Qemu enters the 1.1 release candidate stage…

Of the interesting changes this one caught my eye:

64-bit Windows hosts are now supported.

I’ll have to see about how easy/hard it’ll be to load up a 64bit toolchain and build from there…

Anyways nothing to show for it just yet, but if I get it building I’ll be doing 64bit Qemu builds going forward, the 32bit stuff was fun back in the day, but who isn’t using a 64bit CPU in this day & age?

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About neozeed

What is there to tell? I've loved UNIX like things since I was first exposed to QNX in highschool (we had the Unisys ICONS!), and spent the better time of my teenage years trying to get my own UNIX... I should have bought Coherent in retrospect.. Anyways latched onto Linux in 1992, and then got some old BSD admin books and have been hooked on the VAX BSD & other big/ancient things since...!

13 thoughts on “Qemu enters the 1.1 release candidate stage…

      • For 16bit we ran Qemu, Virtual PC, VMWare etc etc… there is always another option….

      • Probably. On a company Laptop I’ve got 32-bit XP and at customers sites they also have only 32-bit XP. So I haven’t actually touched the 64 bit Windows up to now. But this is Germany, people tend to be more conservative here…

      • yeah I know dealing with the .eu is like stepping back in time 10+ years… I’m surprised there isn’t more OS/2 users out there 😛

      • When Athlon 64 was first released, nobody was using anything 64 bits on the Windows world. It didn’t make any sense to use Windows XP 64 if you didn’t have more than 4 Gb of RAM (ok, you gain a little more useable RAM because of the reserved addresses, if you had exacly 4 Gb of RAM). Ram was still expensive too. And drivers for Windows XP 64 where hard to find, and you ended up using 32-bits compiled apps on a 64 bits OS.
        On the server side, Windows 2003 Server supported PAE, so you could use up to 8 Gb of RAM on the standard x86 instruction set (with a maximum of 4 Gb virtual address space per program, but who cares? nobody was making x86-compiled programs to use more than 4 Gb anyways).
        And the performance of the first Athlon 64 running 64 bits software well… sucked. And by definition the pointers are bigger (not 64 bits, 48 bits generally), so I suppose that all the kernel stuff sucked more memory just by using 48 bits pointers.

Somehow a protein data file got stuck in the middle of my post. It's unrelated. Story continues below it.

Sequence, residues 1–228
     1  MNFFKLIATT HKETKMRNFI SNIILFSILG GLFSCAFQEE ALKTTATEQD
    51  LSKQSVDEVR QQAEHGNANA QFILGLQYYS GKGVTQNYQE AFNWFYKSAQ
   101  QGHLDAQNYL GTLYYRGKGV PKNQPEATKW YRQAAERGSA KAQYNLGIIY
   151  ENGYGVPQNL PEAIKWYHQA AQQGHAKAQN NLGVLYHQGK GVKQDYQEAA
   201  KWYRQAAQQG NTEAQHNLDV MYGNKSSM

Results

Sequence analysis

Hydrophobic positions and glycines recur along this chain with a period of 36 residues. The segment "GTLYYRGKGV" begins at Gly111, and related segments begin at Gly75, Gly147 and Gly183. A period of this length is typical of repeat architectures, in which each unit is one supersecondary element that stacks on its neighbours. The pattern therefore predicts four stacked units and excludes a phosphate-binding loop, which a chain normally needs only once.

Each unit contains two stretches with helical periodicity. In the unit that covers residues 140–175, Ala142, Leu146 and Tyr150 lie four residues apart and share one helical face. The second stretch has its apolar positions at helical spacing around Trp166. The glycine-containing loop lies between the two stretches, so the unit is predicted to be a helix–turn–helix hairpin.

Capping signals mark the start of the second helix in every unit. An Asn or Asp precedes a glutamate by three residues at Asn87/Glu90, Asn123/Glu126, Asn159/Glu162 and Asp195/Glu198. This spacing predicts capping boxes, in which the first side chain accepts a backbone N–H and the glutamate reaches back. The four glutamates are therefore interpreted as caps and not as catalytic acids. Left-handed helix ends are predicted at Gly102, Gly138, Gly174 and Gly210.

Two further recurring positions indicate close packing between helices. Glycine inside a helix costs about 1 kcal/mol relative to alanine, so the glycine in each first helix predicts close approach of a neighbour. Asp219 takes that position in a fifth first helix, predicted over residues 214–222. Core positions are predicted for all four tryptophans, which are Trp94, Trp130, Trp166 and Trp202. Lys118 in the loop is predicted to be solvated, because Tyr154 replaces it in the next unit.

Besides, when Vista arrived with 64 bits support, nobody was using it because it was crap. Everyone continued using 32 bits XP until the release of Windows 7 (and even today, a lot of people installs the 32 bits version).
        On the linux world you could use 64 bits software almost inmmediatly after the release of the Athlon 64, but again: only for the purpose of having more memory than 4 Gb available. Of course in the server world this was more than valuable, but on the desktop (at the time) had very cuestionable value.
        The real value of the K8 was the Opteron, the HyperTransport interconnect, and the on-die memory controller. This enabled amazing scalability on the datacenter, that left Xeon behind by a wide margin (on the scalability side).

      • guess I was the exception, I used xp64 when it shipped, and when we re-updated laptops @ work we bought HP’s with 64bit vista, and everything worked fine…

        The big selling point is that the old 32bit/16bit stuff didn’t work so it forced people off the old stuff…

        PAE is like EMS, a total disaster…. best like EMS pretending it never happened.

    • Nothing new. If you recall 80386 (first 32bit proc for x86 arch) launched in 1986. First commercially 32bit OS for x86 was WinNT in ’93 almost 7 years after. The first 32bit consumer OS was Win95.
      So, yeah, it takes a while till the Windows OS catches up the proc.

      • SCO had a 386 Xenix in late 86/87 that revealed the 32bit multipication bug that resulted in the 16bit sw only CPU’s… And of course you are omitting OS/2 2.0

      • Ah, OS/2 2.0. As I said before, MS screwed up and turned it into an entire fiasco. By the time Win95 was released, the 80386 was almost obsolete!

  1. I was seeing quite a few OEM machines downgraded to XP32 while Microsoft still allowed it to be sold. Preinstalled Vista was rare in general, and nearly all pre-installed 7 I’m seeing is x64.

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